Indiana is a U. S. state located in the Midwestern and Great Lakes regions of North America. Indiana is the 17th most populous of the 50 United States, its capital and largest city is Indianapolis. Indiana was admitted to the United States as the 19th U. S. state on December 11, 1816. Indiana borders Lake Michigan to the northwest, Michigan to the north, Ohio to the east, Kentucky to the south and southeast, Illinois to the west. Before becoming a territory, various indigenous peoples and Native Americans inhabited Indiana for thousands of years. Since its founding as a territory, settlement patterns in Indiana have reflected regional cultural segmentation present in the Eastern United States. Indiana has a diverse economy with a gross state product of $359.12 billion in 2017. Indiana has several metropolitan areas with populations greater than 100,000 and a number of smaller industrial cities and towns. Indiana is home to professional sports teams, including the NFL's Indianapolis Colts and the NBA's Indiana Pacers, hosts several notable athletic events, such as the Indianapolis 500 and Brickyard 400 motorsports races.
The state's name means "Land of the Indians", or "Indian Land". It stems from Indiana's territorial history. On May 7, 1800, the United States Congress passed legislation to divide the Northwest Territory into two areas and named the western section the Indiana Territory. In 1816, when Congress passed an Enabling Act to begin the process of establishing statehood for Indiana, a part of this territorial land became the geographic area for the new state. A resident of Indiana is known as a Hoosier; the etymology of this word is disputed, but the leading theory, as advanced by the Indiana Historical Bureau and the Indiana Historical Society, has "Hoosier" originating from Virginia, the Carolinas, Tennessee as a term for a backwoodsman, a rough countryman, or a country bumpkin. The first inhabitants in what is now Indiana were the Paleo-Indians, who arrived about 8000 BC after the melting of the glaciers at the end of the Ice Age. Divided into small groups, the Paleo-Indians were nomads, they created stone tools made out of chert by chipping and flaking.
The Archaic period, which began between 5000 and 4000 BC, covered the next phase of indigenous culture. The people developed new tools as well as techniques to cook food, an important step in civilization; such new tools included different types of spear knives, with various forms of notches. They made ground-stone tools such as woodworking tools and grinding stones. During the latter part of the period, they built earthwork mounds and middens, which showed that settlements were becoming more permanent; the Archaic period ended at about 1500 BC, although some Archaic people lived until 700 BC. The Woodland period commenced around 1500 BC. During this period, the people created ceramics and pottery, extended their cultivation of plants. An early Woodland period group named the Adena people had elegant burial rituals, featuring log tombs beneath earth mounds. In the middle portion of the Woodland period, the Hopewell people began developing long-range trade of goods. Nearing the end of the stage, the people developed productive cultivation and adaptation of agriculture, growing such crops as corn and squash.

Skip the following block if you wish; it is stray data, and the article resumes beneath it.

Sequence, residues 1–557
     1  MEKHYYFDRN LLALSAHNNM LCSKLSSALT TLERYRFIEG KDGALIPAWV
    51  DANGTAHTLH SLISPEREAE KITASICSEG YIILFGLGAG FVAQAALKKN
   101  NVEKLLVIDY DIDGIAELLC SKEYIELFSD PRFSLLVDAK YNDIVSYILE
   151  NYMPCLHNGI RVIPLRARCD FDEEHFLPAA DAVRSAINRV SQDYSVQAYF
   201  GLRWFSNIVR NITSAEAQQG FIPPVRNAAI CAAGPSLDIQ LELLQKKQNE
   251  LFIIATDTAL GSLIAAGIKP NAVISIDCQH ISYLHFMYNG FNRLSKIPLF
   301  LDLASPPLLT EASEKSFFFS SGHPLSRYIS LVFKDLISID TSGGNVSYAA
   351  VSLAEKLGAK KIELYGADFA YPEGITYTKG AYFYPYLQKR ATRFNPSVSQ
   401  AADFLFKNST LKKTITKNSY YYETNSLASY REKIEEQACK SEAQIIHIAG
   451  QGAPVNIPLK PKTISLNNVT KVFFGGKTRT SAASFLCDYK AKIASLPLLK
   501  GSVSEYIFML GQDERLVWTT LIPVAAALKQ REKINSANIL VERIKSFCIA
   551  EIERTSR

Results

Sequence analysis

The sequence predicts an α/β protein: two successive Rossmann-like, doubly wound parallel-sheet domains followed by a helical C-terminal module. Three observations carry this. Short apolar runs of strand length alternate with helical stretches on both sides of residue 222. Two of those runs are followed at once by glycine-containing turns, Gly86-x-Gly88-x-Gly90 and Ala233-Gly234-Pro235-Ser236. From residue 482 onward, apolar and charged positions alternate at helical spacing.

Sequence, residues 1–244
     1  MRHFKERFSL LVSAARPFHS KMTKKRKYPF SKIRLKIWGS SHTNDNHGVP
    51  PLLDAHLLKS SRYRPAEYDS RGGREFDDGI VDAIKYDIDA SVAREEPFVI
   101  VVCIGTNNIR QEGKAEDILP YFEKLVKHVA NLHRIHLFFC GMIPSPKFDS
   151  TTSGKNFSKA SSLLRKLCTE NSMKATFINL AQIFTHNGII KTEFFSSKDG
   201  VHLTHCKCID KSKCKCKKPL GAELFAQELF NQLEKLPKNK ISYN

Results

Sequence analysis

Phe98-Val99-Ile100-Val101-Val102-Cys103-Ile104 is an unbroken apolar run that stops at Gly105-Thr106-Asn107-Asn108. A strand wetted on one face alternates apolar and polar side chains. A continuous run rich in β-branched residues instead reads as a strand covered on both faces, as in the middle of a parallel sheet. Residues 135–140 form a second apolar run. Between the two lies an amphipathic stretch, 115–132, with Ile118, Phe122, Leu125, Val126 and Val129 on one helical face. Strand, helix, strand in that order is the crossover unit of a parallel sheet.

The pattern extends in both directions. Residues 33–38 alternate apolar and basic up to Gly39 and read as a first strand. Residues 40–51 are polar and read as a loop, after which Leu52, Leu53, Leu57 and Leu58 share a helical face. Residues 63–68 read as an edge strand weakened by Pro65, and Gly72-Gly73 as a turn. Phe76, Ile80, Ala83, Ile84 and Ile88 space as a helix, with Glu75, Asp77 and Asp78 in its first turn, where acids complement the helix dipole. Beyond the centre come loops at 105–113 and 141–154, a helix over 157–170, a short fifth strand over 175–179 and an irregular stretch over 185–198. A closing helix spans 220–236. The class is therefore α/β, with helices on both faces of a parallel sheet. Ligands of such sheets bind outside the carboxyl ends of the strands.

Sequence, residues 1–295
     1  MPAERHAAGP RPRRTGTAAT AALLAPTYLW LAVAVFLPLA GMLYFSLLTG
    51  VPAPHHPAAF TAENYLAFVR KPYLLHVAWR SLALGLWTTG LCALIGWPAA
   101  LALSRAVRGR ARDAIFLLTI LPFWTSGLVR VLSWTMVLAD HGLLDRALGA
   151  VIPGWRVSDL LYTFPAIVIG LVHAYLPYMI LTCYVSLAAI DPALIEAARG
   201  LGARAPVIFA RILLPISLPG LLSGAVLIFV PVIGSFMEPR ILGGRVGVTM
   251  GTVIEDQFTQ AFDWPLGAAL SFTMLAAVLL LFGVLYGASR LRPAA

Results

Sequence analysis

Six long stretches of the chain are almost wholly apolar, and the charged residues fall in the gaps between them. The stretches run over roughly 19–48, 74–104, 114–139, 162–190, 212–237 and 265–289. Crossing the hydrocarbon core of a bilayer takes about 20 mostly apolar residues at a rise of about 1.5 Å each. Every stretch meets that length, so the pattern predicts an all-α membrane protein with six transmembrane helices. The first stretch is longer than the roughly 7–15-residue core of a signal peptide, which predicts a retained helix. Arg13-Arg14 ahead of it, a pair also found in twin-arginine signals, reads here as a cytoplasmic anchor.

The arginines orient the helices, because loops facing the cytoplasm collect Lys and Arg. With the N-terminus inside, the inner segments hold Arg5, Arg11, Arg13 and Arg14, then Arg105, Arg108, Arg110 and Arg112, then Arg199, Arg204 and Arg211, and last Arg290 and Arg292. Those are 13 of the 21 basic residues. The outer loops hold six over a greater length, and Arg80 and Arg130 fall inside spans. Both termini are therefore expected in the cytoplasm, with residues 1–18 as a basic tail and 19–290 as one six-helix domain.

The Woodland period ended around 1000 AD. The Mississippian culture emerged, lasting from 1000 AD until the 15th century, shortly before the arrival of Europeans. During this stage, the people created large urban settlements designed according to their cosmology, with large mounds and plazas defining ceremonial and public spaces; the concentrated settlements depended on the agricultural surpluses. One such complex was the Angel Mounds, they had large public areas such as plazas and platform mounds, where leaders lived or conducted rituals. Mississippian civilization collapsed in Indiana during the mid-15th century for reasons that remain unclear; the historic Native American tribes in the area at the time of European encounter spoke different languages of the Algonquian family. They included the Shawnee and Illini, they were joined by refugee tribes from eastern regions including the Delaware who settled in the White and Whitewater River Valleys. In 1679, French explorer René-Robert Cavelier, Sieur de La Salle was the first European to cross into Indiana after reaching present-day South Bend at the Saint Joseph River.
He returned the following year to learn about the region. French-Canadian fur traders soon arrived, bringing blankets, tools and weapons to trade for skins with the Native Americans. By 1702, Sieur Juchereau established the first trading post near Vincennes. In 1715, Sieur de Vincennes built Fort Miami at Kekionga, now Fort Wayne. In 1717, another Canadian, Picote de Beletre, built Fort Ouiatenon on the Wabash River, to try to control Native American trade routes from Lake Erie to the Mississippi River. In 1732, Sieur de Vincennes built a second fur trading post at Vincennes. French Canadian settlers, who had left the earlier post because of hostilities, returned in larger numbers. In a period of a few years, British colonists arrived from the East and contended against the Canadians for control of the lucrative fur trade. Fighting between the French and British colonists occurred throughout the 1750s as a result; the Native American tribes of Indiana sided with th
Union County, Kentucky